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Nursing is a well-compensated and dynamic healthcare career that requires significant education, training, and certification.
If you're considering a nursing career, this guide can help you explore the educational, training, and certification requirements you need. Read on for an overview of the careers, job titles, and educational requirements that encompass the nursing field.
What Kinds of Nursing Degrees Are There?
The nursing field is broad with many career options. Different degree levels, from associate to doctoral, prepare nurses for particular career paths and specializations. Start your journey by picking the right kind of nursing degree for you.
Associate Degree in Nursing
The entry-level credential for licensed nursing work is an associate degree in nursing (ADN). Like most associate degrees, an ADN takes two years to complete, though some programs can be completed in 18 months. The ADN curriculum covers foundational knowledge and clinical experience, including topics such as microbiology, anatomy and physiology, and nursing fundamentals.
Earning your ADN usually qualifies you to take the national exam for registered nurses. Passing this exam allows you to work as an RN in hospitals, outpatient clinics, and other healthcare settings. In some states, an ADN only qualifies you for practical/vocational work.
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What Is the Difference Between an ADN and an LPN/LVN?
An ADN is an associate degree that prepares learners for work as a licensed RN in most states. ADN nurses are either RNs or licensed practical or vocational nurses working toward becoming RNs.
LPNs/LVNs are entry-level nursing positions. They provide nursing care while under RN supervision. These nurses only need a practical nursing diploma to start working.
The titles LPN and LVN are often interchangeable. In the U.S., the term LVN is only used in California and Texas.
Bachelor's Degree in Nursing
A bachelor's degree in nursing (BSN) is the standard credential expected of RNs. It is a four-year degree that prepares learners for the national RN licensing exam. Topics in a BSN curriculum include nursing ethics, nursing assessment, and psychology.
Many schools offer RN-to-BSN programs that allow working nurses with associate degrees to earn bachelor's degrees in nursing. Once you earn a BSN, you can pursue administrative and leadership positions that are unavailable to ADN nurses. Nurses with bachelor's degrees typically earn higher salaries and can work in specialized and administrative roles.
What Is the Difference Between a RN and a BSN?
RN is the title for a licensed, registered nurse. A BSN is a type of bachelor's degree that nurses frequently hold.
While you can work as an RN in many states with only a nursing associate degree, in some states, licensed RNs must hold a BSN to practice. Many employers prefer to hire RNs with BSNs, even when it is not compulsory.
Master's Degree in Nursing
A master's degree in nursing (MSN) is the minimum degree requirement for working as a family nurse practitioner or as a nurse educator. This master's degree typically takes two years to complete. It includes topics such as quantitative and qualitative research, oncological nursing, and nurse education.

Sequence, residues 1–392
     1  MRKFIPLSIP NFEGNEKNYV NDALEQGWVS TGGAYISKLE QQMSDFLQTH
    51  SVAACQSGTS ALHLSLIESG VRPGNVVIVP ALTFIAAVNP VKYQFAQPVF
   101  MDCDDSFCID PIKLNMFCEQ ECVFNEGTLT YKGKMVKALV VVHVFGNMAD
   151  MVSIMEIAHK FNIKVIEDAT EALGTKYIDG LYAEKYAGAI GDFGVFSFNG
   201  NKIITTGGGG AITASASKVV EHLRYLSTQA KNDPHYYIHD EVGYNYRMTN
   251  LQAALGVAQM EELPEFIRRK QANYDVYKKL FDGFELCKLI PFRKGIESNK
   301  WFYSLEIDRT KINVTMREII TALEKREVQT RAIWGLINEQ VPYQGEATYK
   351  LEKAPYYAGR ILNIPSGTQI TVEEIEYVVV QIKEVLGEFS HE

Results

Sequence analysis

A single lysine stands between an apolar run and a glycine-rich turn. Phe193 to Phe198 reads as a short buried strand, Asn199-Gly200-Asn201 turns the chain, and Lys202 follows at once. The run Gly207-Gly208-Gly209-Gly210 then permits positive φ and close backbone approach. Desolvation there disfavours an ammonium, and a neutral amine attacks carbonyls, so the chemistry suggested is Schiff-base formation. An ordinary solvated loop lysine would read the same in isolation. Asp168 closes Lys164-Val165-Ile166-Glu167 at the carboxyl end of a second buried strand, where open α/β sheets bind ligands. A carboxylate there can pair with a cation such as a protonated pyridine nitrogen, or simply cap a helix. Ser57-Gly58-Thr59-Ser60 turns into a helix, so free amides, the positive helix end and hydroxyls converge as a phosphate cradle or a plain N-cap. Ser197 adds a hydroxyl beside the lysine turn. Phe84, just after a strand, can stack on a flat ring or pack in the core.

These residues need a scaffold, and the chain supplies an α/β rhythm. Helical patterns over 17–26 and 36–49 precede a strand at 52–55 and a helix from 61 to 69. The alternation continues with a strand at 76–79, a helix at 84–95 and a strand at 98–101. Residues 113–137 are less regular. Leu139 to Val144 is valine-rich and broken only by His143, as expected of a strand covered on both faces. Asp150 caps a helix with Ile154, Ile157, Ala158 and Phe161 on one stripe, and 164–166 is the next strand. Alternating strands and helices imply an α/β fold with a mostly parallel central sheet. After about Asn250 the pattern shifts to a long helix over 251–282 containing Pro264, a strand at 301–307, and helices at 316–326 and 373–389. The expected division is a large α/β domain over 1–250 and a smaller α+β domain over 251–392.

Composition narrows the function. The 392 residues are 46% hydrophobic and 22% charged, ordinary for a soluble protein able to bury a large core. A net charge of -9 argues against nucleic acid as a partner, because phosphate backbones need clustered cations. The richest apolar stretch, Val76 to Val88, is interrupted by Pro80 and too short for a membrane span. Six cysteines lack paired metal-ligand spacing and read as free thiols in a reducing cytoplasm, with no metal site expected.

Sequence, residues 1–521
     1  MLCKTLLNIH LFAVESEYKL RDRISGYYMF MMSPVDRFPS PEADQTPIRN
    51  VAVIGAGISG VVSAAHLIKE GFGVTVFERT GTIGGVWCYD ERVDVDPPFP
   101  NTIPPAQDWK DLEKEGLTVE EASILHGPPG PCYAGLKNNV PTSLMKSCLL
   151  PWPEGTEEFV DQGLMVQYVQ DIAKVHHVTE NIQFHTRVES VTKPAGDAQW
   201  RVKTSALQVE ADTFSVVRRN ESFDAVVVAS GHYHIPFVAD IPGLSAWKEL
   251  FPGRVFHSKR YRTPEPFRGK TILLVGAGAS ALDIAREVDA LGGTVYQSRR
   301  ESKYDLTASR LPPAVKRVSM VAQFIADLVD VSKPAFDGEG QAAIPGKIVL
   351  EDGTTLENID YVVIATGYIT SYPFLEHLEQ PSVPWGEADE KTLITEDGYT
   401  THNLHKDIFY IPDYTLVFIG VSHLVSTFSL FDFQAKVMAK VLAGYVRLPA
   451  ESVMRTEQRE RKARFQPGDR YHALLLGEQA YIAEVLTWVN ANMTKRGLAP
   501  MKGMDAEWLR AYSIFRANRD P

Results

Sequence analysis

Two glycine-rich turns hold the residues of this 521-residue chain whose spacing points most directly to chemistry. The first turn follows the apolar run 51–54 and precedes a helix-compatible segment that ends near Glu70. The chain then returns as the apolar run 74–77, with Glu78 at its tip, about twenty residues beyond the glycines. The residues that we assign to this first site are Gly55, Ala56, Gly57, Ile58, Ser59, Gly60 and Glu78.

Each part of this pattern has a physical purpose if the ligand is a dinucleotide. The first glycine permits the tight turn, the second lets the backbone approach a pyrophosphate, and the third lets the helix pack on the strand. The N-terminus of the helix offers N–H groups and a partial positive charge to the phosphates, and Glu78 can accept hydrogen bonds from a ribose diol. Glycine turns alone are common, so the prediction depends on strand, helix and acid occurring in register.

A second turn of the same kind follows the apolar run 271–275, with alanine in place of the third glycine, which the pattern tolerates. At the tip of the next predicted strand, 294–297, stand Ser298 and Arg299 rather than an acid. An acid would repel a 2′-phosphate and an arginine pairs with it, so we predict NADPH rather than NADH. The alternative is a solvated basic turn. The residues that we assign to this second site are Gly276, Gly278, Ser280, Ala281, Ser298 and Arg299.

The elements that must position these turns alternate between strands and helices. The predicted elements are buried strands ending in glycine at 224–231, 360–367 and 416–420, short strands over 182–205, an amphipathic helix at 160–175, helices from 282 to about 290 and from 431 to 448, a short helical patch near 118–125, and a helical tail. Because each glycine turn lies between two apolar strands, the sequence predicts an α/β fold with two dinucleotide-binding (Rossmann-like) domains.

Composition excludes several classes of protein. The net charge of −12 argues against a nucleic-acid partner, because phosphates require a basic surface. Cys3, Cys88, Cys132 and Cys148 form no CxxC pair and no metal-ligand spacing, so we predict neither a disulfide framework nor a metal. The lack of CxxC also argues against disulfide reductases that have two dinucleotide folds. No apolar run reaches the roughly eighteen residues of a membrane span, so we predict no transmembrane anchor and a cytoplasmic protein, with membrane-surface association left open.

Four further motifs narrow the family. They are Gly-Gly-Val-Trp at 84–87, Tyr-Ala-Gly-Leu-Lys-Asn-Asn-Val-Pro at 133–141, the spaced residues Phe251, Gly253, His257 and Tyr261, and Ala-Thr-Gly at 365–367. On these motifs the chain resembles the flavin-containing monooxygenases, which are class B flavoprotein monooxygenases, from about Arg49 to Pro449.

Earning an MSN opens up career opportunities for nurses. Licensed nurse practitioners can work as generalists or in specialization areas, such as oncology, family care, and reproductive health. An MSN also qualifies graduates to work as clinical instructors or nurse educators in healthcare settings.
Doctoral Degree in Nursing
Some nurses pursue a doctorate in nursing, meaning a Ph.D. in nursing or a doctorate of nursing practice (DNP). A doctoral nursing degree typically takes 1-2 years to complete after earning an MSN. A BSN-to-doctorate nursing program can take 3-6 years to complete.
Common course offerings for nursing doctoral degrees include ethical and legal issues in advanced nursing practice, epidemiology, and quality improvement in healthcare.
A nursing doctorate is a terminal degree that appeals to learners interested in research or education. Nursing Ph.D.-holders often work as professors or researchers. DNP-holders occupy specialized clinical practice or leadership roles.
What Is the Difference Between a Ph.D. and a DNP?
A Ph.D. and a DNP are doctoral degrees tailored for different careers. A Ph.D. in nursing is a research-oriented degree that prepares nurses for work in academia or research. A DNP is a practice-focused degree pursued by NPs who wish to work in administration or specialized clinical practice.
Additionally, DNP programs require students to complete a capstone project, while Ph.D. programs culminate with an original, research-based dissertation.
Browse the Best Nursing Programs
Finding the right online nursing program can seem daunting, but the these resources can help. The following ranking pages will help you narrow your search for the best nursing schools for your career plans.
Whether you need help finding an online RN-to-BSN degree program or an online doctorate, we can point you toward schools that fit your budget and learning needs.
Popular Nursing Specialties
Both RNs and NPs can pursue nursing specialities to improve their career prospects.
Choosing a specialization early can boost your earnings and job opportunities, especially for in-demand disciplines. For example, the growing number of older patients with chronic conditions has increased demand for pain management nurse specialists.